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Notes: Kline left off Series roster
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10/23/2004 8:28 PM ET
Notes: Kline left off Series roster
Carpenter also not part of Cardinals' postseason staff
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Steve Kline has been battling a painful tear in the flexor tendon in his finger. (Scott Rovak/Cardinals)

BOSTON -- Steve Kline wasn't pleased that he was left off the Cardinals' active roster for the World Series, but he understands the decision. He was "dumbfounded" by how he found out, however.

Kline said Saturday that he learned he had been deactivated by watching ESPN. The Cardinals elected not to take a chance with his sore left index finger, replacing the left-handed reliever with right-hander Al Reyes. Kline, who has a 70 percent tear of the flexor tendon in his finger, has been limited to three appearances this postseason due to the injury.

"I saw it on TV today," he said as the Cards stretched before Game 1 of the World Series. "(ESPN analyst) John Kruk said, 'the loss of Kline is going to be bad.' And I said, 'What ... is that?' I looked at my wife and I said, 'The loss?'


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"As soon as I got off the bus, (general manager) Walt Jocketty said, 'Steve, we made a roster move, we took you off and put Al Reyes on.' I said, 'I already know.' Tony (La Russa, Cardinals manager) just shook my hand about 40 minutes later. I know where I ... fit."

Kline and Ray King formed what may have been the best left-handed combo in baseball this year, with Kline racking up a 1.79 ERA in 67 appearances. He missed much of the last month of the season due to a groin injury, and it was while he was out that the tendon condition flared up.

He will undergo surgery on the finger as soon as it is feasible, though he doesn't know yet how long he will be sidelined. Depending on what procedure is necessary, he could be able to throw in six weeks, or it could be a delay of four months.

A free agent after the season, Kline acknowledged the possibility that he may have already pitched his last game in a Cardinals uniform.

"It could be," he said. "I'm guessing. That's the way I approach it. I'm guessing it's my last game as a Cardinal. That's the way the free agency goes and the way teams are, you never know if you're coming back. That's the way it is."

It's Al: The choice to leave Kline off the roster wasn't unexpected. Reyes' inclusion, on the other hand, was a bit surprising. The right-hander made 12 appearances for the Cards after a late-season callup. In addition, using Reyes rather than Randy Flores leaves King as the only southpaw in the bullpen against a team with a number of dangerous left-handed regulars and bench players.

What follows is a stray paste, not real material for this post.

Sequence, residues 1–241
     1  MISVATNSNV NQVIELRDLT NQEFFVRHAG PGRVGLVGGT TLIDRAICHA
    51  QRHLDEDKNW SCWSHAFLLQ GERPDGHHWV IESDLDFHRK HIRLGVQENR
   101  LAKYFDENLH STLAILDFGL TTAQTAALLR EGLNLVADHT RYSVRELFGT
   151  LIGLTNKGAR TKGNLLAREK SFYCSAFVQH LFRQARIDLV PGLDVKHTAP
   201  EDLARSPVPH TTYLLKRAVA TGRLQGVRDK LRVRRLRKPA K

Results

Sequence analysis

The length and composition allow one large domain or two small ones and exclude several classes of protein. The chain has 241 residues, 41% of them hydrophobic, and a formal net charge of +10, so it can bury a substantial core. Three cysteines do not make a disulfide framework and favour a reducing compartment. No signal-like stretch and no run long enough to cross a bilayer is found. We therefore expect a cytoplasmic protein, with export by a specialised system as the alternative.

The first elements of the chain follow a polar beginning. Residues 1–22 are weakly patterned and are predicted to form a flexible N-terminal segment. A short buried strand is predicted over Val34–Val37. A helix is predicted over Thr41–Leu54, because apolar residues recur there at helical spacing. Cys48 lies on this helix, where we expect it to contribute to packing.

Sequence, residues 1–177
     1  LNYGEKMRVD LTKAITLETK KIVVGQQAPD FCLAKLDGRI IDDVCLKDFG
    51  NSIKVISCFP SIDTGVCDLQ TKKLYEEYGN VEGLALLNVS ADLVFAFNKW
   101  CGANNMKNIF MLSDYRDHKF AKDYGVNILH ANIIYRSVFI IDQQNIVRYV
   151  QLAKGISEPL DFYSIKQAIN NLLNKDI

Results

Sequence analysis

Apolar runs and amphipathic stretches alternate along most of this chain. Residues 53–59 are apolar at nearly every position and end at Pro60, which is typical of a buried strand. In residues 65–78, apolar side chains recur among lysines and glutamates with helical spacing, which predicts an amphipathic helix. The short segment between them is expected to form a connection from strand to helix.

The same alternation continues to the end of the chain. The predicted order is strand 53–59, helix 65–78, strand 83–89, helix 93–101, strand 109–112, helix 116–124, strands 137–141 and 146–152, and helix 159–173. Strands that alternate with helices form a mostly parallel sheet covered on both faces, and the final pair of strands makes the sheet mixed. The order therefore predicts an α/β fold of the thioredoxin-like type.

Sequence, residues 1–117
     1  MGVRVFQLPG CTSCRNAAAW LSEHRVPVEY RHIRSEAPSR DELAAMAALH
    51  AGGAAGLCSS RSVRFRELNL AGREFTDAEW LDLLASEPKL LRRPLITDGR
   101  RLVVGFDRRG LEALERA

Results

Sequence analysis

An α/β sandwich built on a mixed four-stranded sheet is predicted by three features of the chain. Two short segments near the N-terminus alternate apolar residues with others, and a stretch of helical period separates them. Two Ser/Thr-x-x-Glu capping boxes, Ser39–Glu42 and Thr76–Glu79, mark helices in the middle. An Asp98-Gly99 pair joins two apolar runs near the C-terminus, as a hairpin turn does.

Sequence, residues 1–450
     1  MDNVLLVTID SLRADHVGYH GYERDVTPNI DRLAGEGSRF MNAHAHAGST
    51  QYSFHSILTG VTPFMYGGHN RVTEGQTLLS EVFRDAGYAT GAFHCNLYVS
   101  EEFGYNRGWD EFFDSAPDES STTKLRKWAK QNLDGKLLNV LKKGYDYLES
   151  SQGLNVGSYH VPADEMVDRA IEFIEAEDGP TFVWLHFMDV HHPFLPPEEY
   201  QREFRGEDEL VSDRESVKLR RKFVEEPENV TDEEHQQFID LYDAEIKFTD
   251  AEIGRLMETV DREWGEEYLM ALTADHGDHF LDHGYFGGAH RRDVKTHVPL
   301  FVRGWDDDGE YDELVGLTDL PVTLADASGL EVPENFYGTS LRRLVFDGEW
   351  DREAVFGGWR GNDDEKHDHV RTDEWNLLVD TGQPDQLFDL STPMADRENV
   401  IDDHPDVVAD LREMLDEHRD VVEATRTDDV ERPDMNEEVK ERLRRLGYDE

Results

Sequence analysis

"Randy Flores and Al were the two guys that we were keeping in shape," La Russa said. "We really did not consider Rick (Ankiel). We wanted Rick to settle down and he's going to pitch winter ball. Maybe (against) a different club we'd have given a closer rook at Randy. There's not much of a left-hand presence with the Red Sox.

"Al Reyes, we signed him, and he was at Triple-A and led the league in saves. So when we were looking for help, and we trust our guys there, they recommended him and he came up and did a very good job for us. So by a margin, a thin margin, we thought he was a better choice than Randy."

   Chris Carpenter  /   P
Born: 04/27/75
Height: 6'6"
Weight: 230 lbs
Bats: R / Throws: R

Carp out: The toughest decision of all when it came to setting the roster may have been on Chris Carpenter. The Redbirds elected to leave the righty off the roster despite the fact that he has been medically cleared to pitch. Carpenter hasn't pitched since Sept. 18 after suffering a biceps injury, caused by nerve irritation.

"He was cleared to throw 50 to 60 pitches including 30 warmups," La Russa said. "And I really think that even though there's a question of how effective he would be, (pitching coach Dave Duncan) and I both came down on the side that we could never forgive ourselves to send him out there (and have him re-injure himself).

"He's been inadequately prepared physically. You're pitching for the biggest prize there is in baseball and he's going to rear back because he's a great competitor, and if something bad was to happen, I think we would both walk away from the game. It just wasn't a fair, safe risk to take and we need him to lead our staff next year."

   Tony Womack  /   2B
Born: 09/25/69
Height: 5'9"
Weight: 170 lbs
Bats: L / Throws: R

Lineup: La Russa hinted on Friday that his designated hitter might be a right-handed batter, and he meant it -- but it wasn't what some people expected. Instead, regular left fielder Reggie Sanders stepped in as the DH, with So Taguchi playing left. In addition, Edgar Renteria batted leadoff for the second game in a row, with Tony Womack knocked down to the seventh spot. Taguchi batted ninth.

"I know So has been real good in the clutch," La Russa said. "We all know that playing in the World Series, he's been experienced from his play in Japan. You could see it, whether he's pinch-hit or played late, he was never in awe of a tight situation in the big leagues. I may play him tomorrow, but I think ... Reggie will probably be back there tomorrow. I think it's a good move. We'll see."

Womack is batting seventh due to a sore back. He was removed from a game in the NL Championship Series with back spasms, and in case he needs to be pulled again, the Cards don't want to have to put rookie Hector Luna in the No. 1 spot.

Matthew Leach is a reporter for MLB.com. This story was not subject to the approval of Major League Baseball or its clubs.

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